The Labour Party's education team was preparing to take emergency action this week to patch up its divisions over proposals for a graduate tax.
David Blunkett, Labour's education spokesman, is expected to spell out options to help fund expansion in further and higher education to the Parliamentary Labour Party on January 18.
And he will be called upon to explain his controversial use of the term "graduate tax" in his description of proposals under consideration in interviews given over Christmas and the New Year.
Bryan Davies, Labour's higher education spokesman, is concerned that alternatives to the student loans scheme which will be included in a consultation paper before the summer will be misinterpreted as a result. He has been meeting Mr Blunkett to iron out apparent differences over how any Labour-designed "graduate tax" might work.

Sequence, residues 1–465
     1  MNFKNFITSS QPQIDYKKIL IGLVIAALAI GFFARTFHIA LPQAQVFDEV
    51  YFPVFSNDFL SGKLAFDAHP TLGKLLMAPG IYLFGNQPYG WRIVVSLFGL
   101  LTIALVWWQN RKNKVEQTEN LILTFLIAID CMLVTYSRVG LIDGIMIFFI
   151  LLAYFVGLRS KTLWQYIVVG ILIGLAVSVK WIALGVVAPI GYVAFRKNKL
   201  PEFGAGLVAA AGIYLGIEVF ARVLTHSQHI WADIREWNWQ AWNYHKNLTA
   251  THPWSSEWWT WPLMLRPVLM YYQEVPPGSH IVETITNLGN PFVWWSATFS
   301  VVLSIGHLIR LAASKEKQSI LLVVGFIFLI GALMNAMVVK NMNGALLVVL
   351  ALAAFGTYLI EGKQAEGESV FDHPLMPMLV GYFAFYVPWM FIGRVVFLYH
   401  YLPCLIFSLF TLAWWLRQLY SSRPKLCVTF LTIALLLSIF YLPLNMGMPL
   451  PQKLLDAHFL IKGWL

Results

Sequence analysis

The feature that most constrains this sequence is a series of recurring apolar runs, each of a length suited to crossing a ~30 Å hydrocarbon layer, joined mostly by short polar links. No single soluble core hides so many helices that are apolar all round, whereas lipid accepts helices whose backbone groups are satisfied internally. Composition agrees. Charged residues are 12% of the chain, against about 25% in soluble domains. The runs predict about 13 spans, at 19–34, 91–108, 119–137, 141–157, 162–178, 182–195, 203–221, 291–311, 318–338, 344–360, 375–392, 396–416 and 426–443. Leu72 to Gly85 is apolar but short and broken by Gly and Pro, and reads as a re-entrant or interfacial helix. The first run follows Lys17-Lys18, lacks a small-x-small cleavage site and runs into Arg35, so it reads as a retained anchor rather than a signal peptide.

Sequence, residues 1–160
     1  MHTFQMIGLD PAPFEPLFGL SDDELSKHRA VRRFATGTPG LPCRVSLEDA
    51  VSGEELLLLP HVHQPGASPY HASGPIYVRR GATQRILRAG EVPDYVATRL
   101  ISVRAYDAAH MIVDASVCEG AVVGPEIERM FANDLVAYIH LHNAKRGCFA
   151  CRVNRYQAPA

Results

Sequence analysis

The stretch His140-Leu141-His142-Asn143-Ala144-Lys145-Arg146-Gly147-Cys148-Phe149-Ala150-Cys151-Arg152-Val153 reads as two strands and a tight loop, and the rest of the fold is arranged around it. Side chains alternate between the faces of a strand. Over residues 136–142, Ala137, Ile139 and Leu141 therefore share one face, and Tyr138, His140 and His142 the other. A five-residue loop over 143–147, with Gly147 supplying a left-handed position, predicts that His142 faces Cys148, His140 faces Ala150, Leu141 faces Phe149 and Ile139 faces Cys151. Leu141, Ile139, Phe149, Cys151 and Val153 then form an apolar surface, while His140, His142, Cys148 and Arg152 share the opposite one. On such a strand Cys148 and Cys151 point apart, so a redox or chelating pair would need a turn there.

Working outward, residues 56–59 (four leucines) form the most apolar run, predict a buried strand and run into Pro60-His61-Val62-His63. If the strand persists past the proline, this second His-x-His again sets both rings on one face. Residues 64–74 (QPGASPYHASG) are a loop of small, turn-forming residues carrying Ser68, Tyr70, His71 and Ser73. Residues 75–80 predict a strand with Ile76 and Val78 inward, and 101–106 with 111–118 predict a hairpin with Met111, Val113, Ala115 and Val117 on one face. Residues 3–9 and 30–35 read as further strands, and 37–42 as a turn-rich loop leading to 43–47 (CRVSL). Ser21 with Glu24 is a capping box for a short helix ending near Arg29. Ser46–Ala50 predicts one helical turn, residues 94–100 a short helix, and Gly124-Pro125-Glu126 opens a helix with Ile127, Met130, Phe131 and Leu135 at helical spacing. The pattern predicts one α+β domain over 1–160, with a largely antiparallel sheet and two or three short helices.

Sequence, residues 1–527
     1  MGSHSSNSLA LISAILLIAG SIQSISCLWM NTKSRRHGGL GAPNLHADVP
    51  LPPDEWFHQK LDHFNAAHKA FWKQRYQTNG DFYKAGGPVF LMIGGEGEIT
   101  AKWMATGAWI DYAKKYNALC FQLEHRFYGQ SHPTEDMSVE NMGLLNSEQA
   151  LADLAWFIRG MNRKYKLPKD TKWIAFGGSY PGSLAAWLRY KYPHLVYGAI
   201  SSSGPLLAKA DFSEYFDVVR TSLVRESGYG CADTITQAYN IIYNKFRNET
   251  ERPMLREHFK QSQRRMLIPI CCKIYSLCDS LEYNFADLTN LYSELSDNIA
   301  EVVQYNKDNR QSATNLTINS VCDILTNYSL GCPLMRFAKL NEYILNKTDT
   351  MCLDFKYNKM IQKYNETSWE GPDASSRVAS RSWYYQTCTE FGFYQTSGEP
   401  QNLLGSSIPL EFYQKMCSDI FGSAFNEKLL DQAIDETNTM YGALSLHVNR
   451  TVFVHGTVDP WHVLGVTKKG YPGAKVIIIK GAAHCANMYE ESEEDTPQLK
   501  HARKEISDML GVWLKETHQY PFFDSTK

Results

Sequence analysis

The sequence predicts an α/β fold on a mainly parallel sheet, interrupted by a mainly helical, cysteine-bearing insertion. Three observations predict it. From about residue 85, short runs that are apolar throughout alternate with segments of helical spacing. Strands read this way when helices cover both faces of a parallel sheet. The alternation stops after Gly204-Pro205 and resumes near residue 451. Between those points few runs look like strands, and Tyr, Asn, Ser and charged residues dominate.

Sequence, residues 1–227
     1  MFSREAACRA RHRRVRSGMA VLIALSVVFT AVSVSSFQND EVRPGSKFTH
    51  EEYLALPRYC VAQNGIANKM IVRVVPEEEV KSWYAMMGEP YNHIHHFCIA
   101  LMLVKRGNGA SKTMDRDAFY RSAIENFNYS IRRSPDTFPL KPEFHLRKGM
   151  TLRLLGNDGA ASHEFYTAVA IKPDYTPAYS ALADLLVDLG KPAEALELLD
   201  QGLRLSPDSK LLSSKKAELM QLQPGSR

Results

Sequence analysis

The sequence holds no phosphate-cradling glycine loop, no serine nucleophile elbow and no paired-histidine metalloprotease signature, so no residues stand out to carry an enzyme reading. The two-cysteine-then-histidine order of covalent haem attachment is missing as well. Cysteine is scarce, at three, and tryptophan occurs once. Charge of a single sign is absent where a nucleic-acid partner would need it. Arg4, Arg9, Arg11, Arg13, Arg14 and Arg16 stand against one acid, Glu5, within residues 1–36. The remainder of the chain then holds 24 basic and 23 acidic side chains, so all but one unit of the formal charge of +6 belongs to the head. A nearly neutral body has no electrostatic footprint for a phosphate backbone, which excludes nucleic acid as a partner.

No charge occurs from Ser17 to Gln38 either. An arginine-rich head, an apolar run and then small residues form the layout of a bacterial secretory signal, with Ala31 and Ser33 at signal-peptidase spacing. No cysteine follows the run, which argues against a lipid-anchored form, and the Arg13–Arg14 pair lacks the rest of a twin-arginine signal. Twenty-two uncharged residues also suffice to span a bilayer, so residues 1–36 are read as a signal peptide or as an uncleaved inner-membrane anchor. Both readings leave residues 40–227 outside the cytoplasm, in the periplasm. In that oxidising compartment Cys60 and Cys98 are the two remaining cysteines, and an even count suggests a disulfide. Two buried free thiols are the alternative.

While Mr Blunkett's office confirmed this week that a system under which graduates would be expected to pay tax throughout their working lives was being considered, Mr Davies suggested this was a "narrow and crude concept" which was unlikely to carry much support within the party.
Mr Davies, who is writing the further and higher education consultation paper, said it was "unfortunate" the term had been used when the party was looking at other ways of extending support to further education students, and was more inclined to back a fixed term of repayment.
"I am sure Mr Blunkett will be at pains to put straight at the Parliamentary party meeting some of the misconceptions that may be around over our proposals. We have to address the issue of exactly what we mean by a graduate tax," he said.
Mr Blunkett may face further battles with some national executive committee members, such as shadow home secretary Jack Straw, who have fought against any kind of student charge.
Jeff Rooker, shadow deputy leader of the House of Commons, who was sacked as further and higher education spokesman last year over his consultation paper on further and higher education funding, described Mr Blunkett's remarks on graduate tax as "a careless use of language. It was pure ignorance. It was quite clear he said it without thinking the whole thing through". Mr Rooker's own paper did not use the term.